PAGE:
I spent time cleaning my garage yesterday, nasty, dirty business.
It’s the catch-all of catch-alls but I loved how clean and organized it looked.
I left the garage door open so the husband would notice and validate the hard, hard work I had done.
But did he? No!
So later I mentioned I would be sore the next day because of all the boxes and junk I had lifted.
Response? None! Fine.
I did not get a thumbs up or a “like”.
We want to be validated. We want to have someone notice our work. Whatever work it is.
The lovely table, the fine needlework, the weight lost, the job promotion, the vacation.
Facebook, like my open garage is the catch-all of our doings we share with the world.
Why do we want to thumb tack our lives on the internet bulletin board?
The right reasons are to share good things with friends. Maybe share bad things.
It’s the picture album of our life’s tribulations, successes, talents or whatever.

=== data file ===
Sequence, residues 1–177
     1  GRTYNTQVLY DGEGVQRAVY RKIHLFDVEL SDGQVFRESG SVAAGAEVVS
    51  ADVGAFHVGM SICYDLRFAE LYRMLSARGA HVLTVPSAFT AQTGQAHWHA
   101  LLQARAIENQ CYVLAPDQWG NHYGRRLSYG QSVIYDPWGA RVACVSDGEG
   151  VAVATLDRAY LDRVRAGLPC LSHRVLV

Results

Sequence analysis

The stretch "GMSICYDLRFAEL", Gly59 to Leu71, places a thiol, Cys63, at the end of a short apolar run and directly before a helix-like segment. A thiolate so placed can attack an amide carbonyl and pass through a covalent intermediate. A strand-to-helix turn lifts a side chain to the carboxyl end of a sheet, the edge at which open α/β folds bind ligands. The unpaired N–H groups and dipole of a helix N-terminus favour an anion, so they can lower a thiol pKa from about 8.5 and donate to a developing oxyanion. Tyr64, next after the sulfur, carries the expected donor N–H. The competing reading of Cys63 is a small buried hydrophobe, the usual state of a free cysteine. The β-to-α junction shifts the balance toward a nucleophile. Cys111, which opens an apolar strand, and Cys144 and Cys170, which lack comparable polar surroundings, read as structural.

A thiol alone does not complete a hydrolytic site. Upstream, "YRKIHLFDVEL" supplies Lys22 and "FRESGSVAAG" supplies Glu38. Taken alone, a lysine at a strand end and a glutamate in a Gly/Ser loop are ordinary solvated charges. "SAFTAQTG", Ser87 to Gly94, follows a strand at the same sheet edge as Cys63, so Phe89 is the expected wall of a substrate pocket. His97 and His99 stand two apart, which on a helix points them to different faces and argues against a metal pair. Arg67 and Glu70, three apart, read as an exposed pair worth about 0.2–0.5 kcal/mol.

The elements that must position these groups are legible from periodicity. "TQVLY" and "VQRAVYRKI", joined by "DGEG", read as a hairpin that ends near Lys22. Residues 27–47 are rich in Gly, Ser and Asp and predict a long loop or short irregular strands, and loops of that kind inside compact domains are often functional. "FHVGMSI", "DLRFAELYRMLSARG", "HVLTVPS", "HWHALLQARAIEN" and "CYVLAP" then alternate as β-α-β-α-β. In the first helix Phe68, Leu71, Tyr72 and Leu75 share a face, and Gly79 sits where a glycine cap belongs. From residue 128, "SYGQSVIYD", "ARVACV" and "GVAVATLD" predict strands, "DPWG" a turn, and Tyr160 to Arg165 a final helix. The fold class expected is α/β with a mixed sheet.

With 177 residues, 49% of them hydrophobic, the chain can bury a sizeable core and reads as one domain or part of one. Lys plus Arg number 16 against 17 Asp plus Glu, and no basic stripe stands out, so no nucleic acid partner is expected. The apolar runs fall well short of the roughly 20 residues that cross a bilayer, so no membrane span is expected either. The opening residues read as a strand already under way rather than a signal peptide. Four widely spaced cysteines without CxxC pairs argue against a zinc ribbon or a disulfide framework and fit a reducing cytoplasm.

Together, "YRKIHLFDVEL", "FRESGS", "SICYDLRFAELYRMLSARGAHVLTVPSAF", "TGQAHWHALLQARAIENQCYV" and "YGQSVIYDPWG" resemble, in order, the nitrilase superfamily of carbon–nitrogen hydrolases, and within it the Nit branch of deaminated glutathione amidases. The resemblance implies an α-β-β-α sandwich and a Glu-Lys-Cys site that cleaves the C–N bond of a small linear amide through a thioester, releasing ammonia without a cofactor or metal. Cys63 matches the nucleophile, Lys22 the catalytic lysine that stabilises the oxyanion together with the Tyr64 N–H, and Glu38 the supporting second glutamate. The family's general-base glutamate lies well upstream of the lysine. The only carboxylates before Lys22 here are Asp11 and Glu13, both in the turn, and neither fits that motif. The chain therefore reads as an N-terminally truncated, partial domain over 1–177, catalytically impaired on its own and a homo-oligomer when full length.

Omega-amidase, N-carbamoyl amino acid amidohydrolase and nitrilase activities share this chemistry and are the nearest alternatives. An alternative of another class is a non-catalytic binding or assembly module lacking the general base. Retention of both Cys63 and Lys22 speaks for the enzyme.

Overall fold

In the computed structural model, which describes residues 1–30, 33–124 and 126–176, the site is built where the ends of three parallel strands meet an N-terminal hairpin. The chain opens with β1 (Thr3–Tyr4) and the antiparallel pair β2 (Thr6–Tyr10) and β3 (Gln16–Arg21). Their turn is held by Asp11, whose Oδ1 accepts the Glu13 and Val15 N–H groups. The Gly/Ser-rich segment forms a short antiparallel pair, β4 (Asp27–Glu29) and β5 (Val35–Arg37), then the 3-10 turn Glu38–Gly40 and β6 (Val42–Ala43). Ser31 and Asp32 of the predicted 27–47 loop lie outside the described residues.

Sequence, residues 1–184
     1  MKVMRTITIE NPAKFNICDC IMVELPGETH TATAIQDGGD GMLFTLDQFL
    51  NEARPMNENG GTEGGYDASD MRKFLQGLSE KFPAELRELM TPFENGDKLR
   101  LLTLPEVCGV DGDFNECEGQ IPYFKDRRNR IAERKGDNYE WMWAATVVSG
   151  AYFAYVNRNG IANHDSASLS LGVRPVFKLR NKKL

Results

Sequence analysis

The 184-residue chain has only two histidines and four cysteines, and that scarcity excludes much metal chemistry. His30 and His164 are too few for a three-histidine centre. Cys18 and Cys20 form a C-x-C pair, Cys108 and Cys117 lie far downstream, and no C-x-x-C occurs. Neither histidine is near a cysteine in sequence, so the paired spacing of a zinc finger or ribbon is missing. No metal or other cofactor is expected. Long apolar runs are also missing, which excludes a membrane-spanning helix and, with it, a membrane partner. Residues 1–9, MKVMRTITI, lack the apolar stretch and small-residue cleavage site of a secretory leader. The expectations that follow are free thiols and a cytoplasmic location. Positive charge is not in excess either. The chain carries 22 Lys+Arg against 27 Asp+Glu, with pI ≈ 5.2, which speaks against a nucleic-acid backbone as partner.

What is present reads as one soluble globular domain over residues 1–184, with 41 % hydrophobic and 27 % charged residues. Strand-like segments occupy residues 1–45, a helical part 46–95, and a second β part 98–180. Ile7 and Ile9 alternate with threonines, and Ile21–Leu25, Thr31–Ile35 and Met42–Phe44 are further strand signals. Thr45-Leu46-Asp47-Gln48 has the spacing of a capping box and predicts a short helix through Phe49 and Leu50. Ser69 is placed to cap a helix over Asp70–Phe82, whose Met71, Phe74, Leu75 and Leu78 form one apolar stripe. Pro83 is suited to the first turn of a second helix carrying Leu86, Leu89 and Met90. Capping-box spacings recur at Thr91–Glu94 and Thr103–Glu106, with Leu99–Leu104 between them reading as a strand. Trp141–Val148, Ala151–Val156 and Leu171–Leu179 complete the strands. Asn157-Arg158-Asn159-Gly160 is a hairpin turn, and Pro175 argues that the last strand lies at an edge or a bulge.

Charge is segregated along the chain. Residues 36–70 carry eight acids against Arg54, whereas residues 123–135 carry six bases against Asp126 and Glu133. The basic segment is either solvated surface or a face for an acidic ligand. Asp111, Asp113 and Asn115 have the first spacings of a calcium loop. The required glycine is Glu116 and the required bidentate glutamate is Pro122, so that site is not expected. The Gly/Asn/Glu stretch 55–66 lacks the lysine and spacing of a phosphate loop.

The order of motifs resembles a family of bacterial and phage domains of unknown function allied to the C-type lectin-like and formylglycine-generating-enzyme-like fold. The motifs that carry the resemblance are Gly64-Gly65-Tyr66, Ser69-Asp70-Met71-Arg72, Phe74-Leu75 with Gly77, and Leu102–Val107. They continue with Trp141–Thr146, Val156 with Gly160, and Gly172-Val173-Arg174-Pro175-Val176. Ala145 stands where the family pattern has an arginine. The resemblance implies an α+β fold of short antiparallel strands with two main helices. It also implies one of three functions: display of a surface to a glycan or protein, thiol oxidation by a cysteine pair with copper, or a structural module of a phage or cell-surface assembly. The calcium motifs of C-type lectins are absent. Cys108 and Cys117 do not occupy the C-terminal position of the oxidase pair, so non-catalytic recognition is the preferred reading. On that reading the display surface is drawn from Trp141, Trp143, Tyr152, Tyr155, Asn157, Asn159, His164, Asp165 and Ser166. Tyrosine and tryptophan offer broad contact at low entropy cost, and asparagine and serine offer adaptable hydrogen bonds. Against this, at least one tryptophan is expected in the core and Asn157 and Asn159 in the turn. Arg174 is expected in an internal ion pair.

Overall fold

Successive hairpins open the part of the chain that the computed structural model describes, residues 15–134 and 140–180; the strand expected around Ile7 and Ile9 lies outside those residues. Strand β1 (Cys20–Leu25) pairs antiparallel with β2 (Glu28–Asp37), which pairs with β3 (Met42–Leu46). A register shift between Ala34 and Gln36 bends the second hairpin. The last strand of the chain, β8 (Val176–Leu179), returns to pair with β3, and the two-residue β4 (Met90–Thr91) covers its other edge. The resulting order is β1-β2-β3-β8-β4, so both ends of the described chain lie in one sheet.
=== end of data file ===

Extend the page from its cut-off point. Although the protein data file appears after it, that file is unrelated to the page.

But the I like you do you like me childishness? If you don’t like me than I won’t like you either mentality.
Why do I care if you like me?
Because I want to be loved, admired, ooohed and ahhhed at, see the thumbs up, the pats on the back,
I want the little heart icon that blows kisses.
I want that damn “like” button turned on!!!
And that’s ok. But we take a risk. If someone puts something on Facebook, Instagram, twitter, no one has to like it, or love it and can openly bitch about it. People love these forums to stir up contention and show how much they know, or embarrassingly reveal how little they know. They can leave the “like” switch off to show us they just don’t care, or on to flatter you. Who really knows? When we put us or anyone in our lives, out there in the ether, why is there an expectation of thousands of I like, I like, I like?
Perhaps the reasons why we spend so much of our time allowing others to peer into our private lives should be explored. If no one comments or floats the smiley icon no one needs feel rebuffed, unnoticed or invalid.
Sure I want to be recognized for my endeavors, a writer wants people to buy his books.
Sure I want to be complimented on my artistry, my craftiness, my style. I certainly want to be admired for the things I post on this cliche’d 15 minutes of fame.
But like my garage, we won’t always get the accolades we want. Our hard work may never be recognized.
And that’s ok.
We can use Facebook to share a thousand journey’s but you travel that journey alone
and no one has to like it but yourself.